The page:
My first encounter with the series was playing Guitar Hero II at the Game On exhibition held at the Science Museum, and a brief session made me want to get it myself. The physical interaction with the guitar was fun, but there was a lot of enjoyment to be had just watching others play. And that is a big part of the game’s attraction, the social aspect. I bought the Guitar Hero II pack with the red Gibson SG for PS2 and started to play at home. At first even the Medium difficulty seemed daunting but I quickly improved. A chance to show off my skills at the Retrovision gaming weekend in Oxford soon followed.
Over the next couple of years I picked up the original Guitar Hero game and Rocks the 80s. The original features a great range of tracks, not diminished by the fact they are cover versions. And while in theory the 80s game could have been produced as an add-on or expansion, it is tracks like Play With Me by Extreme that make it worthwhile. The tweaks to the presentation – costumes for the characters and animations/menu colours – give it a little something extra too.
Looking back, Konami made a mistake by not importing their PS2 version of Guitar Freaks to Europe. Red Octane, who had made the guitar accessory, then made a great decision in approaching Harmonix (developers of Amplitude and Frequency) to make a new guitar-based game. And Harmonix themselves timed it right to move on after Guitar Hero II, pushing forward to start work on Rock Band. That left Neversoft with the tricky task of producing the third main instalment.
Guitar Hero III really built the momentum. With the bands providing original masters and recording tracks expressly for the game, the audio side of the game improved dramatically. The next-generation consoles gave sharper visuals but most importantly the chance to download new songs. From quirky ideas like the finale song from Portal to bands launching a new single, the record labels have really embraced the idea. There are a few flaws, with the third game having a slightly uneven difficulty curve and the note charts not flowing quite as smoothly as Harmonix’s. But Activision made a good decision of their own, continuing to support the PS2 and the Wii. Oh, and the first time I played Devil Goes Down To Georgia (on medium) I hit 99%…
It was at another Retrovision event that I first played Rock Band, which had been imported. We’ll ignore the blisters I got on my hands from drumming and the irritation of people pushing the wrong buttons in the menus to concentrate on the action. It was superb, so much fun playing in a group and belting out the songs. Again, part of the fun was watching others play. If I was being picky, the bass arrangements were fairly simplistic and the vocal track at the top of the screen slightly distracting, but it worked.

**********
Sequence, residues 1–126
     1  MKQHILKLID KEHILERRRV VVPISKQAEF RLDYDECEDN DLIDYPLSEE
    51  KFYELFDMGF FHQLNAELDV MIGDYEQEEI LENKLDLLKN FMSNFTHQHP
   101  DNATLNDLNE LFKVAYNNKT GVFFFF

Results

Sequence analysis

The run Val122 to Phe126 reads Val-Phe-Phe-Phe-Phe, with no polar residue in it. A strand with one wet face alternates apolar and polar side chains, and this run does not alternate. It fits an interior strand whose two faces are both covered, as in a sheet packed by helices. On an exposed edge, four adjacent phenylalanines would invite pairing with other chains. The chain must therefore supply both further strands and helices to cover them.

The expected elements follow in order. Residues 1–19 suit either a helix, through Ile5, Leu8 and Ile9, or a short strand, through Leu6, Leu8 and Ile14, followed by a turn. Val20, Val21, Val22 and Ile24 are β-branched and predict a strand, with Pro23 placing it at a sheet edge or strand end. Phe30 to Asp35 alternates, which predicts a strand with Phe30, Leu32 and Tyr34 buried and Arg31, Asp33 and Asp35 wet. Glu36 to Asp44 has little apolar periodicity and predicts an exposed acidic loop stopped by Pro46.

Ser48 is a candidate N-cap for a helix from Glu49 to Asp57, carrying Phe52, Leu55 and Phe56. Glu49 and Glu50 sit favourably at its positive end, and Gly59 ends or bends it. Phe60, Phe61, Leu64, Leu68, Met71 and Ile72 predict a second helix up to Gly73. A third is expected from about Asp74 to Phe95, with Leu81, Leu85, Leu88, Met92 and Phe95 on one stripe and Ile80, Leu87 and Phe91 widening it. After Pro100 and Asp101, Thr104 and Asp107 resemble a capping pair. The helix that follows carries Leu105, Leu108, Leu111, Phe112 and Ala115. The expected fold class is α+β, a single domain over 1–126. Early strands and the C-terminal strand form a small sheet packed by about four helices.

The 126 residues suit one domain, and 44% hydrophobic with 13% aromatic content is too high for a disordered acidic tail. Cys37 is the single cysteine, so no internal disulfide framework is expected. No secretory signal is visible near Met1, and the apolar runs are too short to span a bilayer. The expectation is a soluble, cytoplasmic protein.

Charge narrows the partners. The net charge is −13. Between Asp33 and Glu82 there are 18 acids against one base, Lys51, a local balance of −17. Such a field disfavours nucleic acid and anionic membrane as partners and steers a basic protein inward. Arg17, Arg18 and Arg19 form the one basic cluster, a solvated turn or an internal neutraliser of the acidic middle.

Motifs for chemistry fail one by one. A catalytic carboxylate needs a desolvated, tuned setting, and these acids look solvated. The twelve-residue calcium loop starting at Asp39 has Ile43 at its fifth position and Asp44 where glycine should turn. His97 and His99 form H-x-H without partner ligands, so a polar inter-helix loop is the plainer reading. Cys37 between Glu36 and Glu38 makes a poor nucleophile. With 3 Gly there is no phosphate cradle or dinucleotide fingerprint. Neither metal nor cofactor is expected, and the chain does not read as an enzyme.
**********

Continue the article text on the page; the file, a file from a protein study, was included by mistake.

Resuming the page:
Back came Neversoft with Guitar Hero World Tour. It seems like a pretty straightforward enhancement of what has gone before, even given the open bass notes and generally trickier arrangements. But next to launch is Guitar Hero: Metallica, with its Expert+ setting and second bass drum pedal. It should prove to be a better game than the lacklustre Rock Band AC/DC Live pack, which made the mistake of charging full price for very little extra content.
So, I thoroughly enjoyed the Aerosmith game thanks to its balance of tracks and the motion-captured antics of the band. In fact, Activision claim the band have made more money from the game than from some of their studio albums. But where does the band game go from here? A DJ Hero game is in development, the Beatles version of Rock Band is promising harmonies and keyboards are often mentioned as a future expansion. But in a way, that would not work. It is the argument often made against the games – why not learn the real thing? Because we are playing to have fun and pretend to be the rock star that we always wanted to be.
Additional: Activision has formally announced DJ Hero with its turntable peripheral, Guitar Hero 5 with more rock and the family-orientated Band Hero based around pop songs.